Pandæmonium (Paradise Lost)

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John Martin, Pandemonium, 1841

Pandæmonium is the capital of Hell in John Milton's epic poem Paradise Lost.

"Pandæmonium" (in some versions of English "Pandemonium") stems from the Greek "παν", meaning "all" or "every", and "δαιμόνιον", a diminutive form meaning "little spirit", "little angel", or, as Christians interpreted it, "little daemon", and later, "demon". It thus roughly translates as "All Demons", but can also be interpreted as Παν-δαιμον-ειον, Pandemoneios or "all-demon-place".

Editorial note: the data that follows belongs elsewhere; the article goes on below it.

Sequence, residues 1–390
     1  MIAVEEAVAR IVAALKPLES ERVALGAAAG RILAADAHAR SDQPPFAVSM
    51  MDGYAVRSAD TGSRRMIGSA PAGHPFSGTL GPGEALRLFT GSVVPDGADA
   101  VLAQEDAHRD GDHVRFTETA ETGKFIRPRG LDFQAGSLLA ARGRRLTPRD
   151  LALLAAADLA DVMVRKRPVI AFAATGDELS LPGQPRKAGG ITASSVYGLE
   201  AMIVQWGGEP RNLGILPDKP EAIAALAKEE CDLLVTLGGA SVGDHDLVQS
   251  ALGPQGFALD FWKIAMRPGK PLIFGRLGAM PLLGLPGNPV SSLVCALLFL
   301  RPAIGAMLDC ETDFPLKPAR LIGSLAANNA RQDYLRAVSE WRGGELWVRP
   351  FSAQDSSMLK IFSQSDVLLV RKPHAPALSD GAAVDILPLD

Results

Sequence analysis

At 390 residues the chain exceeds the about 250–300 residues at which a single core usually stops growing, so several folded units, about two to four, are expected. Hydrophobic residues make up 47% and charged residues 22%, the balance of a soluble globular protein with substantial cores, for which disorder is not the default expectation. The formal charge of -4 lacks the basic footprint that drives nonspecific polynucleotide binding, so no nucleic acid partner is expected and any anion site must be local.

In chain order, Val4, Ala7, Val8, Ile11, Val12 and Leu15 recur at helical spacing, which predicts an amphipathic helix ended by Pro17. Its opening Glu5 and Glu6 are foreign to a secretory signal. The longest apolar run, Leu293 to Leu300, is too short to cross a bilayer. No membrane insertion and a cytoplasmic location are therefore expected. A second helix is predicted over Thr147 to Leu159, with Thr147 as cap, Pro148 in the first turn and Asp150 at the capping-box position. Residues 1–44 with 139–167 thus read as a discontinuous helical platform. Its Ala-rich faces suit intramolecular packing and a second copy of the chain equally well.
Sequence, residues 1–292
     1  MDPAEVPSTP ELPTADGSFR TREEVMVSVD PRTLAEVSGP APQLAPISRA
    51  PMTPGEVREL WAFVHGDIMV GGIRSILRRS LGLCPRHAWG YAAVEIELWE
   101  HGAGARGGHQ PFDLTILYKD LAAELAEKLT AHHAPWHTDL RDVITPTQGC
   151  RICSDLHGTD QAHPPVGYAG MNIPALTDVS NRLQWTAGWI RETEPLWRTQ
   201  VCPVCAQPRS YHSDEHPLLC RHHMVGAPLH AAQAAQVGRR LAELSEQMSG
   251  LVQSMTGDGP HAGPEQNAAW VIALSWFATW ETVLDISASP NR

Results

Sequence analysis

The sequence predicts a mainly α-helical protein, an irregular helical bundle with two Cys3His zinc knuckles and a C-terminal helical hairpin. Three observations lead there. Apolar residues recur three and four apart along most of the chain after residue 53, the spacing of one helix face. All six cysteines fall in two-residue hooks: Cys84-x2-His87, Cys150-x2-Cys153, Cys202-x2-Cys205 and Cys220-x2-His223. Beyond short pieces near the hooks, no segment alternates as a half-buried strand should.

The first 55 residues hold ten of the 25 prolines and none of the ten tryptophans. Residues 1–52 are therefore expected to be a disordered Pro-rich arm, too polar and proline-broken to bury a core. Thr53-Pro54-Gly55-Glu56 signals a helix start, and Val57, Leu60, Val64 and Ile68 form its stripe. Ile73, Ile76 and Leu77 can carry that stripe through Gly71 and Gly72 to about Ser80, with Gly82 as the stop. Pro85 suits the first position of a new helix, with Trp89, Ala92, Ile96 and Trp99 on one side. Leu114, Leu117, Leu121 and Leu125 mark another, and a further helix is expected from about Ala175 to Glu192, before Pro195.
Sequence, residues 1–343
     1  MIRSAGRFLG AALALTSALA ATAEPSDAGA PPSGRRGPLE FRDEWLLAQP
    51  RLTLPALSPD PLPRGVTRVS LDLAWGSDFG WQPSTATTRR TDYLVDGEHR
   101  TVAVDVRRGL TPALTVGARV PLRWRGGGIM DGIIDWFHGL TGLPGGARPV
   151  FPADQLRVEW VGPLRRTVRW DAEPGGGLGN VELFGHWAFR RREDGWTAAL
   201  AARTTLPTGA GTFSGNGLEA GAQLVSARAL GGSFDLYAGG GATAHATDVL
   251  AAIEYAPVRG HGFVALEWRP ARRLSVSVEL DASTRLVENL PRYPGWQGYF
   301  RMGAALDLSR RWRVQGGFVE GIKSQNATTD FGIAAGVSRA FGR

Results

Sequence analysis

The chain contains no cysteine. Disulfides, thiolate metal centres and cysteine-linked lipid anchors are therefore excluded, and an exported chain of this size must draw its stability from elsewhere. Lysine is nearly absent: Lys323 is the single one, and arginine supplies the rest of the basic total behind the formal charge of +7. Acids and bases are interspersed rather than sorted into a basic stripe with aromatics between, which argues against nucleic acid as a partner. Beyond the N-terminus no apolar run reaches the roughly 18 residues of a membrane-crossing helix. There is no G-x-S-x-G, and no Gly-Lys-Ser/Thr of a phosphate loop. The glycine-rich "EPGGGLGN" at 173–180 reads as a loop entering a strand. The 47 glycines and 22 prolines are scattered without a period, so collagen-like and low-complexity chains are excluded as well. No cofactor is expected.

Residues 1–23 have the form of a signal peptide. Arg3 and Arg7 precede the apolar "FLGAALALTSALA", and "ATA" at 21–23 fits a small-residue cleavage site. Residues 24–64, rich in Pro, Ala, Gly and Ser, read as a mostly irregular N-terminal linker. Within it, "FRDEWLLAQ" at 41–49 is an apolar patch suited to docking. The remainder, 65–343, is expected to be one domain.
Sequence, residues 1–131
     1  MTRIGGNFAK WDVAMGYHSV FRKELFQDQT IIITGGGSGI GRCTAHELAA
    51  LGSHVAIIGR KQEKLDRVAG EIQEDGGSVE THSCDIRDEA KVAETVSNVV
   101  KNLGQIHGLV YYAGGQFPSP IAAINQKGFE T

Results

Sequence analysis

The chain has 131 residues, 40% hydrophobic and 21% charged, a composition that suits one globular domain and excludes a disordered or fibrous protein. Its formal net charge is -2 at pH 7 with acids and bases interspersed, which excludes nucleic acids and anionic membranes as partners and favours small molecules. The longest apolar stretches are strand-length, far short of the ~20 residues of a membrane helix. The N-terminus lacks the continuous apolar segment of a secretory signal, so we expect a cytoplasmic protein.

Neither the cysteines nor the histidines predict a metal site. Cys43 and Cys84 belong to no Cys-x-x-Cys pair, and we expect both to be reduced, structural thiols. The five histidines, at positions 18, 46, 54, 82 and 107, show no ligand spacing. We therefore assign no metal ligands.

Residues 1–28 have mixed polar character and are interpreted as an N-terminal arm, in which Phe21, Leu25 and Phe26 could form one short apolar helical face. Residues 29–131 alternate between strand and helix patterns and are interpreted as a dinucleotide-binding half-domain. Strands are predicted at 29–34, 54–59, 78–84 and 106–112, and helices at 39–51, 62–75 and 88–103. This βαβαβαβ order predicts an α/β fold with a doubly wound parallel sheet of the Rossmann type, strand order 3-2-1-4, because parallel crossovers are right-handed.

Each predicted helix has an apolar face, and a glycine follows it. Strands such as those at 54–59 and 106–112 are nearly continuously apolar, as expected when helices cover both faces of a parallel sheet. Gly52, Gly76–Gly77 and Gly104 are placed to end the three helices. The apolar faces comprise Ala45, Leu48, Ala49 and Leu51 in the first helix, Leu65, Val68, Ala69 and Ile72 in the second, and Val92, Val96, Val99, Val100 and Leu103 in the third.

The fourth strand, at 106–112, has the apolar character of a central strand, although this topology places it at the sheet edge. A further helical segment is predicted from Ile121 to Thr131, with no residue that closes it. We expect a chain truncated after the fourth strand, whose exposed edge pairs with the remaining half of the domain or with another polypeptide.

John Milton invented the name for the capital of Hell, "the High Capital, of Satan and his Peers", built by the fallen angels at the suggestion of Mammon at the end of Book I of Paradise Lost (1667). It was designed by the architect Mulciber, who had been the designer of palaces in Heaven before his fall. (In Roman times, Mulciber was another name for the Roman god Vulcan.) Book II begins with the debate among the "Stygian Council" in the council-chamber of Pandæmonium. The demons built it in about an hour, but it far surpassed all human palaces or dwellings; it was probably quite small, however, as its spacious hall is described as being very crowded with the thronging swarm of demons, who were taller than any human man, until at a signal they were shrunk from their titanic size to less than "smallest dwarfs". It was also reputed to be made of solid gold.

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